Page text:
The Theme Of Love In Shakespeare's Sonnet 130

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Introduction Sonnet 130 is considered to be in the group of poems addressing the so called ‘Dark Lady’, who the speaker hates, loves and lusts for simultaneously. In the Sonnet Shakespeare characterizes the Dark Lady’s appearance with metaphors, which are extraordinarily out of character for the Petrarchan traditions. Instead of lauding the unavailable mistress in the highest terms, as the Petrarchan tradition dictates, Sonnet 130 humorously mocks those traditions by ‘placing innovative pressure upon the limits of metaphoricity’ (Callaghan, 56). This paper briefly engages with Shakespeare’s witty criticism of the Petrarchan traditions and mainly focuses on the different notion of love that Shakespeare portrays in this Sonnet. In contrast to the clichéd way of declaring one’s love to the beloved, which mainly consisted of lauding the object of affection, Shakespeare compares the mistress to a number of beauties of nature - but always against her favour. However, with the rhyming couplet at the end, the whole tone and…show more content…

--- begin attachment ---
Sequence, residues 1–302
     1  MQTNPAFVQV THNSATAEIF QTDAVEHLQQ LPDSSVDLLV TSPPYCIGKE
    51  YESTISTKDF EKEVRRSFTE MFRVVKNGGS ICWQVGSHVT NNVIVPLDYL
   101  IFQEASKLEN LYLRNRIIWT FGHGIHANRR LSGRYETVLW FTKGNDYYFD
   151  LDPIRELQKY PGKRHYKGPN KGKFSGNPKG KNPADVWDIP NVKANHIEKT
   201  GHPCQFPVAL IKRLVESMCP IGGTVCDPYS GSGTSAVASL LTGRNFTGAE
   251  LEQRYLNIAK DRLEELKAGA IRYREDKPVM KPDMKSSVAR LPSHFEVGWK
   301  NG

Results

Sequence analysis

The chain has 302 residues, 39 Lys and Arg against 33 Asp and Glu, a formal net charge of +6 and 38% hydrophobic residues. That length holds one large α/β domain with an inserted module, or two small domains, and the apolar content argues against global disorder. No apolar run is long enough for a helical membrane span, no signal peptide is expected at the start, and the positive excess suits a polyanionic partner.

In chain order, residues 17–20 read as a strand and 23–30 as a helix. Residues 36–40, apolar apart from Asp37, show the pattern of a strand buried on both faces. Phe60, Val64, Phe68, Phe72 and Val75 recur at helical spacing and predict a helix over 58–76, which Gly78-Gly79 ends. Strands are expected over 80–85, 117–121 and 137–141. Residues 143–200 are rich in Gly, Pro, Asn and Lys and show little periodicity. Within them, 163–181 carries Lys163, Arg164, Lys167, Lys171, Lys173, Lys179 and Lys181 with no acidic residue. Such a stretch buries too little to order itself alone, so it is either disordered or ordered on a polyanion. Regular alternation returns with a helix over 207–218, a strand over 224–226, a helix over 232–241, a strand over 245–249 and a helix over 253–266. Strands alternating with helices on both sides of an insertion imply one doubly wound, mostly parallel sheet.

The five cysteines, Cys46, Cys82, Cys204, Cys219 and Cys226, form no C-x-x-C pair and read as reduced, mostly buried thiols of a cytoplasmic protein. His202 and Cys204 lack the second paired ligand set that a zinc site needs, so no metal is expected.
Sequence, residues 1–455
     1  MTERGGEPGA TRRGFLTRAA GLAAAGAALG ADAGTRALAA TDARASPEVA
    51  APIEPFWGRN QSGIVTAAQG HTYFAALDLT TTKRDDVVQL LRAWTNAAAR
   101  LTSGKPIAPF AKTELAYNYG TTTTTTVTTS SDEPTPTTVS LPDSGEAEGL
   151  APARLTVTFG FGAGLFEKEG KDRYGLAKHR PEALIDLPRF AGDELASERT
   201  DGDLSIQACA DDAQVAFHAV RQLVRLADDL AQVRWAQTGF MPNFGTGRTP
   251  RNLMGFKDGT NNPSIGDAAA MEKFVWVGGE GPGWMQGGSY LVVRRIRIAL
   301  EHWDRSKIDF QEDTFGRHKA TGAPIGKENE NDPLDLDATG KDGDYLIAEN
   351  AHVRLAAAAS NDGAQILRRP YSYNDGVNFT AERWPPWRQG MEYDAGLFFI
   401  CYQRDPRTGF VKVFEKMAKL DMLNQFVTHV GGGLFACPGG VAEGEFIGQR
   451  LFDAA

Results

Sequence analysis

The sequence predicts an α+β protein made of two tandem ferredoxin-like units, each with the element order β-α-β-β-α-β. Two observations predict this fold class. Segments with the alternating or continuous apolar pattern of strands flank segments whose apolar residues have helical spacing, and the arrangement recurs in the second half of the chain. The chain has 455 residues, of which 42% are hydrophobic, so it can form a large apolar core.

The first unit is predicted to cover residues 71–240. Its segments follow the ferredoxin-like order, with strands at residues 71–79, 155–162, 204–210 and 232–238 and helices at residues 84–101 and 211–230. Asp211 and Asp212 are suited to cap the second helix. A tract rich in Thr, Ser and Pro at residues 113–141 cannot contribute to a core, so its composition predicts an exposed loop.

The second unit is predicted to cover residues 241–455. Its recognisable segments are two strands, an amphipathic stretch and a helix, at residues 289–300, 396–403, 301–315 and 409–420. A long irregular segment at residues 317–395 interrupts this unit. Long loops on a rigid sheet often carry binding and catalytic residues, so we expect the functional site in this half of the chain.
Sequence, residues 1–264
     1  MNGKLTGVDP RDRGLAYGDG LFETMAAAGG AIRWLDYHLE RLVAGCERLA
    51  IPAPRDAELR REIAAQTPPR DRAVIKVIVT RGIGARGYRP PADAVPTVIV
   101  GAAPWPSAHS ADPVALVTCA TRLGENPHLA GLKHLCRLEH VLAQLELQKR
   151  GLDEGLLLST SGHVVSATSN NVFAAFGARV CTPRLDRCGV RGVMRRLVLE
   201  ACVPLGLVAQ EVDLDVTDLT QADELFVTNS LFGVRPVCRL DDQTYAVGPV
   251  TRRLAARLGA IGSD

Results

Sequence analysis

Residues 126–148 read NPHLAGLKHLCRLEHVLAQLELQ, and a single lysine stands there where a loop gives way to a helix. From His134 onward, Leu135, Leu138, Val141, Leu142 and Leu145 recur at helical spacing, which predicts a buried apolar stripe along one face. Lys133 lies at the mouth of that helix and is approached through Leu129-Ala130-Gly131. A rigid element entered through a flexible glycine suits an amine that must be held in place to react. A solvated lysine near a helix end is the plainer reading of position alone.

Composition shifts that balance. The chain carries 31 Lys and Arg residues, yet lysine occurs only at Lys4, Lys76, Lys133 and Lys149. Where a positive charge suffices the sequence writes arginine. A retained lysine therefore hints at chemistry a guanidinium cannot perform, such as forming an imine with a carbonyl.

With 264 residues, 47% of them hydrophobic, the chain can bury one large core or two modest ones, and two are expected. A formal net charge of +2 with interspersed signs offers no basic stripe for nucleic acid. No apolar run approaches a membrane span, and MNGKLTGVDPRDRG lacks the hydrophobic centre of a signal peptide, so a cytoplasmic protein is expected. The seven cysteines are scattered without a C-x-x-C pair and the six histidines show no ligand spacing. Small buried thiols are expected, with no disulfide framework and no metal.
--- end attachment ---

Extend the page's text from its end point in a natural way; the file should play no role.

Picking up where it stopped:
Shakespeare basically strives against the stream by proclaiming his independence from the Petrarchan traditions and doing the exact opposite of those. Through the use of his rhetorical and argumentative structure the author plays an elaborate joke on the hyperbolism and exaggerated compliments. While doing so he also proclaims his love in a truthful manner which puts his declaration on a whole other level. With the use of the couplet he changes the tone of the poem into a plain but very powerful underlying message – his love to his mistress is so deep that he does not need to uses hyperbolic terms to describe it. To conclude, Sonnet 130 is an unconventional love poem which simultaneously criticises the Petrarchan traditions and declares another special notion of
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